Wide Foot Facts

Living the Good Life with Wide Feet!

Category: Red Feet

Athlete’s Foot

Athlete’s foot is a very common skin condition, in fact many people will develop it at least once. However it is uncommon in women and children.
Moisture, sweating and lack of proper ventilation of the feet is the perfect environment for the fungus of athlete’s foot to grow. Athlete’s foot should not be ignored–it can be easily treated, but it also can be very resistant to treatment. Not all fungus conditions are athlete’s foot. Other conditions, such as disturbances of the sweat mechanism, reaction to dyes or adhesives in shoes, eczema, and psoriasis, may mimic athlete’s foot.
Athlete’s foot affects people in different ways. Itching, scaling, peeling and cracking of the skin between the toes, and redness, scaling and even blisters on the soles and along the sides of the feet are common symptoms. Additionally, toenail infections sometimes go along with athlete’s foot.
Athlete’s foot can spread to the soles of the feet and toother parts of the body, notably the groin and underarms, by those who scratch the infection and then touch themselves elsewhere. The organisms causing athlete’s foot may persist for long periods. Consequently, the infection may be spread by contaminated bed sheets or clothing to other parts of the body.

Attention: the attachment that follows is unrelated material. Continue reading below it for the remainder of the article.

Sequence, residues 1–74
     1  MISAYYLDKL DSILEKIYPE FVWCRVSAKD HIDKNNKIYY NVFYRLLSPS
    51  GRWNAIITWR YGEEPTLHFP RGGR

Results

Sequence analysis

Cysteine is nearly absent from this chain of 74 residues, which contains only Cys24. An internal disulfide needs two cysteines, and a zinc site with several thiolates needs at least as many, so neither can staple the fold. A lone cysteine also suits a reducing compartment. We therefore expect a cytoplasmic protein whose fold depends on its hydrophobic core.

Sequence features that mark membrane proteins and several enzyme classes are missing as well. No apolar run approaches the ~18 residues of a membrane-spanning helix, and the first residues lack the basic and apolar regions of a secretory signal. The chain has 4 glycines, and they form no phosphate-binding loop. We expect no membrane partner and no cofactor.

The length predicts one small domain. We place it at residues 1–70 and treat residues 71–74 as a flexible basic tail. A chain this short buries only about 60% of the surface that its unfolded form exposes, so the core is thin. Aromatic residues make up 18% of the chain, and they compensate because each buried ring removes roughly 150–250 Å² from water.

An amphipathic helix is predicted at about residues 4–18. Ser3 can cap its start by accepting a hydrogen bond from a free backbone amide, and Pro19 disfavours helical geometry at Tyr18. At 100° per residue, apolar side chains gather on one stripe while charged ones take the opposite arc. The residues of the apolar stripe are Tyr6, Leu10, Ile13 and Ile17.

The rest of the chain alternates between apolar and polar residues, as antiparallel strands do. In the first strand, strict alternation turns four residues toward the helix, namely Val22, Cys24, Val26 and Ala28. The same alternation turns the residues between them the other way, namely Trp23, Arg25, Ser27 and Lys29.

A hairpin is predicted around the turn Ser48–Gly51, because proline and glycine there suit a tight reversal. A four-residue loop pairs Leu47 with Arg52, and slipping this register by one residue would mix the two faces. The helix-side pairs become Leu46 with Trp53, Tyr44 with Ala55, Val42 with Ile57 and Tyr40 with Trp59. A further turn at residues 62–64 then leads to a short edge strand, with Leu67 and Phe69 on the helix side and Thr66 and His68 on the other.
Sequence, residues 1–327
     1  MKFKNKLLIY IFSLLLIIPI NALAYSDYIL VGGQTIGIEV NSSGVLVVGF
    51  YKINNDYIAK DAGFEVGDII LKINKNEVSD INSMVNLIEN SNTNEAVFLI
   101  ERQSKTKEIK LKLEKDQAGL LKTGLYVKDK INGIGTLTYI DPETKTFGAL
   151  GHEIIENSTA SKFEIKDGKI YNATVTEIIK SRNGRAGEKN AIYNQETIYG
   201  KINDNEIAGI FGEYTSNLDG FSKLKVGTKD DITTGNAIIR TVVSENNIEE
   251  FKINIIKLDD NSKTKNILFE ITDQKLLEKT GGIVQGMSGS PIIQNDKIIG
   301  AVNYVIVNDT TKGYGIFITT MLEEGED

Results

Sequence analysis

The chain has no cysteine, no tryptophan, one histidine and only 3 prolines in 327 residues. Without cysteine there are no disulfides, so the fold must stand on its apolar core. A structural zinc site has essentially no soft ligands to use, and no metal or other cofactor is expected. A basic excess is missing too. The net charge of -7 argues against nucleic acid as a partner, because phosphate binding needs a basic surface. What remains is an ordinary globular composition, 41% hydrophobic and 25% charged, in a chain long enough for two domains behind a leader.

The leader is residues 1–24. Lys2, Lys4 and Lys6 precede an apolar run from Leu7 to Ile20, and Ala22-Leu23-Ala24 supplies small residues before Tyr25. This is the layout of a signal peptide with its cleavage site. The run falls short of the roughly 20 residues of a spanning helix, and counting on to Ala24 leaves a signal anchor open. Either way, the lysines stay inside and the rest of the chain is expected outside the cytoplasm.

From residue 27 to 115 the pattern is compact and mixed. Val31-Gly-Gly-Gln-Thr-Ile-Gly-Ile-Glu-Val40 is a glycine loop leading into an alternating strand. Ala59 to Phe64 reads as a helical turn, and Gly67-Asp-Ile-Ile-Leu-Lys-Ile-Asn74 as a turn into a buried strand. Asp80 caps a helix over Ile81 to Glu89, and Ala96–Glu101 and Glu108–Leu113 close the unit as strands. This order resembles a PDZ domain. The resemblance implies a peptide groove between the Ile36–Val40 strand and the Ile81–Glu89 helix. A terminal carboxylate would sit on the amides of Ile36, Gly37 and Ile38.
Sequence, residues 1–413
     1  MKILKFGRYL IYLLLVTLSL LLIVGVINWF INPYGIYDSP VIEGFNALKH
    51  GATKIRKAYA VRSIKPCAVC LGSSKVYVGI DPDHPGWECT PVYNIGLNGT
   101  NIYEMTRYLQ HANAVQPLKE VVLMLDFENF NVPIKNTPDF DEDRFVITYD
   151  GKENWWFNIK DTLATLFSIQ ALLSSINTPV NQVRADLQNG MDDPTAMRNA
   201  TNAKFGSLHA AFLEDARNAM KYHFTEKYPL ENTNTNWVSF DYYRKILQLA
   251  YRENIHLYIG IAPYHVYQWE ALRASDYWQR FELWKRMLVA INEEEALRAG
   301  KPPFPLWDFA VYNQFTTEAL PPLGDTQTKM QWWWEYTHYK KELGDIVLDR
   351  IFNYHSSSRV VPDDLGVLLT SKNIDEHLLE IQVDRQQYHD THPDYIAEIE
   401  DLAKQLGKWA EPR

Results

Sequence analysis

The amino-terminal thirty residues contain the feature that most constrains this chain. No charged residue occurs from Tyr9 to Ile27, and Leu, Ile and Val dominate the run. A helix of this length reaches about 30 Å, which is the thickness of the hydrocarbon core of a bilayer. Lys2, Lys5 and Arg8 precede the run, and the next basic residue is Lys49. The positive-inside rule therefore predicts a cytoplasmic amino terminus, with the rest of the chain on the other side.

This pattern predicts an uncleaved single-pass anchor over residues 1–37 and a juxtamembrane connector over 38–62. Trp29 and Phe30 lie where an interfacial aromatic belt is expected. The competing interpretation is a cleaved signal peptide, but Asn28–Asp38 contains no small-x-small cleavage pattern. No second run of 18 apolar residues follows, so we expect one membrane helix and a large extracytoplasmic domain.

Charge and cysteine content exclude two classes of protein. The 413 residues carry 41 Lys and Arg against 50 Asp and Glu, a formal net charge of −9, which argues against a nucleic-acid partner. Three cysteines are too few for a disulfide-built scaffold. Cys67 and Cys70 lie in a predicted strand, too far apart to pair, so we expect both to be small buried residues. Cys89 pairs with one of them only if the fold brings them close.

The fungi that causes athlete’s foot grows in moist, damp places. Sweaty feet, not drying feet well after swimming or bathing, tight shoes and socks, and a warm climate all contribute to the development of athlete’s foot.
The medical term for athlete’s foot is tinea pedis. To diagnose athlete’s foot, your doctor will examine your feet and might include scraping some skin off your feet. Then the doctor examines the skin under a microscope to look for growth of the fungus. If the fungus is found, your doctor will prescribe medication for you.
Tips to avoid getting athlete’s foot:
Avoid walking barefoot; use shower shoes.
Reduce perspiration by using talcum powder.
Wear light and airy shoes.
Wear socks that keep your feet dry, and change them frequently if you perspire heavily. read more

Red Feet

If the skin on your feet seems smooth and normal, aside from just being red, then it may be a circulation problem. This may particularly be the case if your feet are red when you are sitting down or standing up, and then when you raise your feet, they return to normal color or become just a blotchy red. If that is the case, it points to the redness being due to pooling of the blood in your feet with gravity.
Even if the pulses in your feet (there’s one on the top of the foot and one by the inner ankle bone) feel strong when your doctor examines them, you can still have circulation problems in the small blood vessels of the feet. A way to evaluate for that is to get a special test in which they measure blood pressure in your ankles and in your toes. You might ask your doctor about getting that test (which is usually done in a hospital vascular lab). read more

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